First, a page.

My mother’s story

‘Why,’ I ask my mother, ‘do you always look on the bright
side?  Why this need to compare
your lot to that of others.’  
To my
mother there is always someone worse off, even in the worst of
She gives me a wan
‘We lived through two world wars,’ she says.  ‘We were hungry all the time.’  
My mother draws a deep breath. ‘Once I woke in the night and someone was chopping down our
tree.  It was not really our tree
but we called it our tree because it was on the other side of our house and we
had planned for a long time that it was ours.’
My mother dabs a tissue to her nose.  She goes through tissues as though she
has an unlimited supply.  The
wastepaper basket beside her chair is filled to overflowing with these tissues.  I think of them as my mother’s tears, the
ones she can no longer shed.
‘Everyone everywhere was chopping down trees for firewood,’
my mother goes on.
‘I woke my husband and he went outside and chased them
away.  By then the tree was half
hanging and so he chopped it right down and managed to get it over the back of
our fence. We were staying with my parents at the Marnixplein.  We had just managed to get the tree
over our fence when the German soldiers came and shot their guns in the
My mother hesitates, whether
for effect or out of her memory of this time.  I can see the garden, the fence, the tree in my mind’s eye as if a scene from a movie.
‘Just in time,’ my mother says in her lopsided English,
‘because now the tree was inside our back garden.  It was ours.  Still, we were hungry all the time.’
My mother takes a fresh tissue and folds it in four, ready
for the next dab of her nose.
‘Once we went on our bikes to the north of Holland and we
brought with us things.  I brought
a beautiful table cloth, what I had embroidered for my mother.  It took me a whole winter to sew. 
The farmers didn’t want money, they wanted stuff.  Someone took the table cloth and we got
something to eat for it.’
My mother is on a roll. Tissue, nose dab, wastepaper basket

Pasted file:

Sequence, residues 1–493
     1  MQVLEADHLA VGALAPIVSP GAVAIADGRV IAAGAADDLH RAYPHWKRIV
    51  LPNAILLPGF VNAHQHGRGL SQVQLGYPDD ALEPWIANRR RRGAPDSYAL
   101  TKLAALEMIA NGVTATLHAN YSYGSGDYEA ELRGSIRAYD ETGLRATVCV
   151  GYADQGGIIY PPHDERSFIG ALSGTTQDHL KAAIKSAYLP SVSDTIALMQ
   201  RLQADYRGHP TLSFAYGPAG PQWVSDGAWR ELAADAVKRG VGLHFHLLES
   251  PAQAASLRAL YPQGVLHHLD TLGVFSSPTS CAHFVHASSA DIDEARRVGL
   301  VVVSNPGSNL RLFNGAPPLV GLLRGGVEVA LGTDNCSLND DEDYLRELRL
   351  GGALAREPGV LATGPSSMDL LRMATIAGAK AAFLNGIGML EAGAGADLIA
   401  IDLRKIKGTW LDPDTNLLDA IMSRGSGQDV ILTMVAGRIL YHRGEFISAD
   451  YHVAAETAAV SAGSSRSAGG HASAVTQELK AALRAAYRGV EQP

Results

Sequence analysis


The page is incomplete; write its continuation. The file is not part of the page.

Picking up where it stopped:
and words.
 ‘Once there
came beggars to the door.  My
mother offered them what we were eating. 
They looked at it, smelled it and then went away.  Even they did not want it.  Some people who were really rich, they could buy on the
black market and they did.’
My mother stops again, as if to take stock of her
‘What you got when it was time to eat, very little.  My mother would dish up for
everybody a little and everybody made sure that the one next to them didn’t get
a crumb more.  People started to
hate each other because there was never enough to satisfy your hunger.’
I feel a slight thrill inside at the mention of the word
‘hate’.  My mother rarely owns up
to such a powerful emotion. 
She never owns her hateful feelings – at least not out loud, at least
not to me – but here she is telling me that she too knows what it’s like to
‘It took quite a long time till the war was over and then
we heard that from Sweden there would come planes and they would drop  packages of margarine, of bread and
butter.  Everybody got their share
and you saw people, they were so starving, sitting on the street.  They got the food and they started to
eat it.’  My mother’s eyes gleam
with the memory.
‘But my mother said, “Don’t do that.”  It’s not good to start eating when your
body was so hungry.  You have to
eat a bit at a time.’  
She looks
down at her hands in her lap and as if unable to bear the sight of them empty, my mother  takes up another tissue.
‘I had somewhere a photo of myself and I was that
skinny.  Never in my life have I
been as skinny as then.  There were
photos of my dad and mum and they looked ten years older.
My mother around this time in a blouse she embroidered herself (the birth date above belongs to me, strange that someone has accidentally given it to my mother who was born 5 October 1919, strange but understandable given my mother and I share the same name).
My mother continues, ‘The priests in the country churches said, “If you have
family bring them here.  Let them
come.”  Because there’s nothing in
the city.  In the country, not
so.  In Heilo where we had cousins,
next to them was a farmer. They had milk.  The family said bring your baby and little child and we can
feed them here.
‘We went on our bikes without tyres and my husband had a
little cart behind his bike.’
The story shifts here. My mother has told me that my
father had a bike with a cart in which my older brother, then something like
two years old, traveled.  My mother
pushed her pram with the baby, who later died and is buried in Heilo.
My older sister who died at five months of age during the
Hunger winter of 1945.  I have
wondered what she would be like had she survived.
And what it might be like if I were the third daughter and
not the second.